Student blog: Ballet BC, bold beauty

September 18, 2017


Ballet BC's artistic director Emily Molnar works with BFA students Sophia and Celine | Photo by Cameo Beard

By Celine Kiner

Ballet BC director Emily Molnar has a “warm yellow aura,” as one of my classmates phrased it–upon introduction, she emits welcoming, curious, and incredibly grounded energy. Her questions are rooted in a strong technical base and impressive résumé; she asks in order to create confusion and investigates in order to build beauty out of it.

The class of 2019 had the pleasure of working with Molnar in a brief composition class last week–she and the company were in town for a Visions & Voices performance at USC’s Bovard Auditorium, as well as a few performances at Vice Dean GatesLaguna Dance Festival.

Curious composition

We’ve been fortunate enough to workshop with incredible artists A to Z, including William Forsythe himself (who Molnar danced for during her time at Frankfurt Ballet), but Emily brought something new: a sense of safety in the unknown. She somehow created a light around her that seeped into our understanding, assuring us that it was okay to welcome discord. It would lead to change, to newness, to invention.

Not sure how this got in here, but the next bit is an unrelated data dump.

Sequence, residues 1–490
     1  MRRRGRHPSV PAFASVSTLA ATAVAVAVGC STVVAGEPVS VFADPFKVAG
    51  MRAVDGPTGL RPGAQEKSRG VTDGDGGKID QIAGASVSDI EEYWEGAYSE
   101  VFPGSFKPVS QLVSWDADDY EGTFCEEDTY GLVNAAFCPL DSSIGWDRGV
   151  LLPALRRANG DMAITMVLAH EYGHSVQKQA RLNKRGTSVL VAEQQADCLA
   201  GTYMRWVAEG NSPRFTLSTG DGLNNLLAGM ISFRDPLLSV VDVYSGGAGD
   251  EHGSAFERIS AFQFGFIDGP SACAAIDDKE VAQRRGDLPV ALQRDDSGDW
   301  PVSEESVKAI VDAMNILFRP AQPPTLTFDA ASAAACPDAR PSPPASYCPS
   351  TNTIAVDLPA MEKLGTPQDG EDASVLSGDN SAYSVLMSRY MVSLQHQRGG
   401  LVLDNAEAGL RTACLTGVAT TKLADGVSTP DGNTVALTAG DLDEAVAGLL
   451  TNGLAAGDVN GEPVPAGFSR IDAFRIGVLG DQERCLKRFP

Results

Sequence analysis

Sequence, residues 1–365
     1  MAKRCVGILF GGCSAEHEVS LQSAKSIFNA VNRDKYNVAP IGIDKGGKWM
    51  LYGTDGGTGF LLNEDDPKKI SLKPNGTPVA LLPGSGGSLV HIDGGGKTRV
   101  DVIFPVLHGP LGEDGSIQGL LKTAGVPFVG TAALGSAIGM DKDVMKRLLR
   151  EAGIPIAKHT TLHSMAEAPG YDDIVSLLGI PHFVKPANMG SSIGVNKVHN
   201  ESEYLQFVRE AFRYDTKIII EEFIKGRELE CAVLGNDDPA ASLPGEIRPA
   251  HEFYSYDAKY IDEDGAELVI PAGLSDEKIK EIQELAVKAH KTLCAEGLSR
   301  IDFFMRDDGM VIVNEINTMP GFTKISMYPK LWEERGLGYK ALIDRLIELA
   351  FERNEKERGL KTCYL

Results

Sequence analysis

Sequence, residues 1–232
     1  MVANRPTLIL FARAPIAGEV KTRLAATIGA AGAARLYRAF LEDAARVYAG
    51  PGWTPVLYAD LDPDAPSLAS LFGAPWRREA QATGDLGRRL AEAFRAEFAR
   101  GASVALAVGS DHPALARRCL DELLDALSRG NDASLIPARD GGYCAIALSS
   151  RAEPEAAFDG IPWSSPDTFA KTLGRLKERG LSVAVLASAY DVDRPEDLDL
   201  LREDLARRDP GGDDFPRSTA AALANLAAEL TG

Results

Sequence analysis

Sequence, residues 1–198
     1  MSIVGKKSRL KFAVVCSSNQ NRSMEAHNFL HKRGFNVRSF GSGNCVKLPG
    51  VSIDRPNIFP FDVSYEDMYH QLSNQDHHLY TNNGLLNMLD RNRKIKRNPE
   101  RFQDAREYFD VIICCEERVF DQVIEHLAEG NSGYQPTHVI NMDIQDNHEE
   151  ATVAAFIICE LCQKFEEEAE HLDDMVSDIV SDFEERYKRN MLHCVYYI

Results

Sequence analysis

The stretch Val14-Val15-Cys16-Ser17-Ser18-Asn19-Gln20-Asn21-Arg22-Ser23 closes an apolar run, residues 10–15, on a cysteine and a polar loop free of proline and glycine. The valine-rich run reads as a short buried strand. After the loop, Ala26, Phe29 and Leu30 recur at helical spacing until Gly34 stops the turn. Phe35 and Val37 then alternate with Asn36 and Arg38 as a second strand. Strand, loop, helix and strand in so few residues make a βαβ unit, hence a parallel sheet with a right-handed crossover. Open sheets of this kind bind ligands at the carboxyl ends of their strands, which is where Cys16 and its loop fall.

Her cues brought out a mature but unabashed willingness that I had never before seen in my classmates. We all shared our compositions, appreciated each others’ work, and created just beyond our limits; this, in my opinion, was an ideal environment for an artist. Molnar had somehow created it in a room full of people that she had only met twenty minutes before. Our faculty noted afterward that not one composition looked the same as the other: Molnar had coaxed our individuality out, and it came through our choreography.

Creation and the company

The few words she spoke afterward put the process into perspective–Ballet BC is a creation-based company, performing an impressive majority of new works. In fact, they have premiered over 40 new works since 2009. The program this week included Molnar’s 16 + a room, Crystal Pite’s Solo Echo, and Gai Behar and Sharon Eyal’s Bill. It made sense, then, that Molnar could so easily fashion a creative environment out of thin air. The company members, as Wednesday’s show made clear, knew each others’ movements inside and out–their hours of developing together in the studio surely had not been wasted. They moved well in unison, but even better in solo work, blooming out of their strength and technique to present gorgeous movement through a unique lens. Dancers morphed to fit the movements in the choreographer’s work, but somehow retained a trademark personality through the program.

Molnar has built a dynamic process within her company that encourages mistakes and catalyzes growth–the beautiful end result is strong and bold. My classmates and I have taken an inquisitive attitude from just a short hour; you can bet that we’ll be auditioning for Ballet BC once we graduate.